(Image found here and not from my son.)
There are a lot of great drivers in the family I have married into and also my father was both skilled and knowledgable. I myself, am only a fair driver. I think I know my limitations so I can work around them but there are lots of better drivers than I out there.
Anyway, I think I have been, not deliberately, teaching my son that speeding is okay but that stoplights must be obeyed and that speeders might be good people but those who run red lights are jerks (I have forgotten he was in the car a few times and used stronger language). I think my father would agree but are these my prejudices that I am training into my boy?
Most of the time I see drivers run red lights, they have slowed and clearly seen that the side streets are empty and no pedestrians are around. Many times I see people running red lights after dawn -so the lighting and visibility are good- but so early that few people would be expected to be around. I generally persist in thinking these drivers are bad but at the same time I wonder if I have been conditioned into accepting these delays that serve no purpose.
Now, readers who have heard the stats on traffic accidents here -it is a widely accepted assertion that Korea has the highest accident rate of any developed country and I believe it, but I haven’t seen any studies – might want to mention accidents they have seen. I, too, have seen a few accidents. One driver, running a red light, was screened from seeing the whole crosswalk by other vehicles and slowly rolled through to hit a bicycle – luckily being walked across and the rider was unharmed. Running a red light during a busy part of the day on a busy street is freaking stupid. Even on streets and at times that are usually quiet, running a red light is risky. Still, treating a red light at as a simple stop sign in those conditions doesn’t seem irrational. Waiting, as I always do, and always remind my son (who won’t be driving for about ten years or more), is the correct thing to do but also often unnecessary.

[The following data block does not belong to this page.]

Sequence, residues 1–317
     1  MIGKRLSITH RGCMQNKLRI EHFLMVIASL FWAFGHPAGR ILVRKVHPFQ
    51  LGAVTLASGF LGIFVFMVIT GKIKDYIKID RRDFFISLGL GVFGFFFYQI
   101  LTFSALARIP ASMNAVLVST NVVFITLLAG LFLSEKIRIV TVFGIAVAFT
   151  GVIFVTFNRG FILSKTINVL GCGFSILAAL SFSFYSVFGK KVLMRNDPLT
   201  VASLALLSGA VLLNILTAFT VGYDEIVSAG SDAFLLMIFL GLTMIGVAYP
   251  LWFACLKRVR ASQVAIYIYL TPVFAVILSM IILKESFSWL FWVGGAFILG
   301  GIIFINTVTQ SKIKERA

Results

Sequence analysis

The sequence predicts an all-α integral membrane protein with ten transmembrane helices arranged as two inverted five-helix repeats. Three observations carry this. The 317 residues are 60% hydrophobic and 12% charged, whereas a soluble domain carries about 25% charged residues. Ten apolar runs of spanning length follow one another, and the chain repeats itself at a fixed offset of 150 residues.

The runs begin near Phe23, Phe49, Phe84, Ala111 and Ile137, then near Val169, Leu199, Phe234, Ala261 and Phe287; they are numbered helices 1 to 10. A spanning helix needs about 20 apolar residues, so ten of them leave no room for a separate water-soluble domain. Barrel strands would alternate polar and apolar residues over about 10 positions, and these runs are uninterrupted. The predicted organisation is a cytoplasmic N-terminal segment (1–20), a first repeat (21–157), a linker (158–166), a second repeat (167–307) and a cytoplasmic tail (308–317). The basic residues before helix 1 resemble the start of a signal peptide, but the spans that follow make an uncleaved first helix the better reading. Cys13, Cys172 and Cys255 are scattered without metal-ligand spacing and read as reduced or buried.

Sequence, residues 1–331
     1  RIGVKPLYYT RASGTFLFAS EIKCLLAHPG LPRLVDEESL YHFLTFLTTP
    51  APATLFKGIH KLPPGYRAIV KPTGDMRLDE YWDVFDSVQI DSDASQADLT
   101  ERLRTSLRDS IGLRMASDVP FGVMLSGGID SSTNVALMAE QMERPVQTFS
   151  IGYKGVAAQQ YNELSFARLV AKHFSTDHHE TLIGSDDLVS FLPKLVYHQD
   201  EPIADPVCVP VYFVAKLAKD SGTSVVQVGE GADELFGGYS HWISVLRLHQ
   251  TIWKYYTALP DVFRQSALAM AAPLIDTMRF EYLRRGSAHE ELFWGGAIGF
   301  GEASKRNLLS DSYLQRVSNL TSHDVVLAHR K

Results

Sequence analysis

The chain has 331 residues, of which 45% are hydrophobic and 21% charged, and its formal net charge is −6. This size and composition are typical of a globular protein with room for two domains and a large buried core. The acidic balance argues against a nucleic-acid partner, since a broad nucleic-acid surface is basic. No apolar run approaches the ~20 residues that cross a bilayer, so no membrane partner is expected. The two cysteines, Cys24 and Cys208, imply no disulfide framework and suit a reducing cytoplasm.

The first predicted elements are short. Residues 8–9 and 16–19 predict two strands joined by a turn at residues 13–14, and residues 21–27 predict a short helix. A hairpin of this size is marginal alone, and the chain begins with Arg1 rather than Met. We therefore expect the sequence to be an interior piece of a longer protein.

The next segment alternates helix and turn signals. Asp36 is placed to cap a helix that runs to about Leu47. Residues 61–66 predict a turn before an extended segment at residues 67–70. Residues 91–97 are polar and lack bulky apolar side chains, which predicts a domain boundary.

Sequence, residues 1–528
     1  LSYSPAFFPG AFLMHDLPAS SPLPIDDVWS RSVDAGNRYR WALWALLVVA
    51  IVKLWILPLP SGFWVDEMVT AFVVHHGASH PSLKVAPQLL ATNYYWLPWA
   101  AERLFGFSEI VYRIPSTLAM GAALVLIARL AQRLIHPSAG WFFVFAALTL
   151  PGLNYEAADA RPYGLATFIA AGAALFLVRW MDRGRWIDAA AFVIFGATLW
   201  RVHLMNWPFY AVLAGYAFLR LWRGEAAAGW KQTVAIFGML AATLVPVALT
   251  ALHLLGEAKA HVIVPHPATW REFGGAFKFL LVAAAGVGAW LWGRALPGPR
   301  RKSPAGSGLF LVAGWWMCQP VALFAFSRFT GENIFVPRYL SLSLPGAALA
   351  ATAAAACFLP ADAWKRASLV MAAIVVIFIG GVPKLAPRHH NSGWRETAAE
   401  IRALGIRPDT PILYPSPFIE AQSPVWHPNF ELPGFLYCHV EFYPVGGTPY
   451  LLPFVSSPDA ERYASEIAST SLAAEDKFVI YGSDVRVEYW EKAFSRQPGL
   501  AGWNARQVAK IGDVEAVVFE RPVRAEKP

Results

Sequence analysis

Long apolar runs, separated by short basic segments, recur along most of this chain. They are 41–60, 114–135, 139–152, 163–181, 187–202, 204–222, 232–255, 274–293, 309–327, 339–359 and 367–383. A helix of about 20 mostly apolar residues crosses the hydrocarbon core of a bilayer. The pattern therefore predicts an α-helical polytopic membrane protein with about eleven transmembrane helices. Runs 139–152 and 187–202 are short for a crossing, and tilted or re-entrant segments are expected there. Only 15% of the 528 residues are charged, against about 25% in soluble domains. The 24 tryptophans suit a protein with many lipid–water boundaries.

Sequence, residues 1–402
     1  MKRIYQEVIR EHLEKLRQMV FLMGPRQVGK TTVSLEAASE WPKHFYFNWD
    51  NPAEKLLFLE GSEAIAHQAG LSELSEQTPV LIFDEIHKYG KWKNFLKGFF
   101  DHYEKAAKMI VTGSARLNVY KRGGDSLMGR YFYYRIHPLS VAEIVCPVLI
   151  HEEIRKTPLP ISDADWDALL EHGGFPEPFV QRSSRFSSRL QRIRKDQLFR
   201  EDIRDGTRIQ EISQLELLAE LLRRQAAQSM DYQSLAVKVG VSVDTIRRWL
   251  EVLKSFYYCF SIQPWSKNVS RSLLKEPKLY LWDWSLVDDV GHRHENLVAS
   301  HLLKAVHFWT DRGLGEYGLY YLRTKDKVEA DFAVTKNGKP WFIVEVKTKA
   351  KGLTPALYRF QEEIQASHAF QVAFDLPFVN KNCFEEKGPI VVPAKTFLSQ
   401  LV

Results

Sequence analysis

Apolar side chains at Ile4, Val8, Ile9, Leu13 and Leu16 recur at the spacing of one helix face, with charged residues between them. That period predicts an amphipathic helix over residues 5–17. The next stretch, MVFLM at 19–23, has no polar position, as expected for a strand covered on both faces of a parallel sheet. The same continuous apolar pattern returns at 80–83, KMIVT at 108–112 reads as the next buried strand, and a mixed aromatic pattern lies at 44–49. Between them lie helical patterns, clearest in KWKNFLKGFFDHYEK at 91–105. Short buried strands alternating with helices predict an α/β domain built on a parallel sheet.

Here in Korea, where breaking the law was once seen as a form of revolt against Japanese oppressors or domestic dictators, a long history of law abiding behavior has not formed. Here, in my room, I can abstractly consider the flexibility of thinking I see in Korean drivers – flexibility missing in other situations.
My grandfather lived long enough that his opinions on race, once mainstream and possibly even liberal, aged into mild unpleasantness. My son is seven years old while most of my friends my age have teenagers. I am eager to teach my son to swim and ride a bike and all those other value-neutral things but I am concerned about teaching my prejudices to him.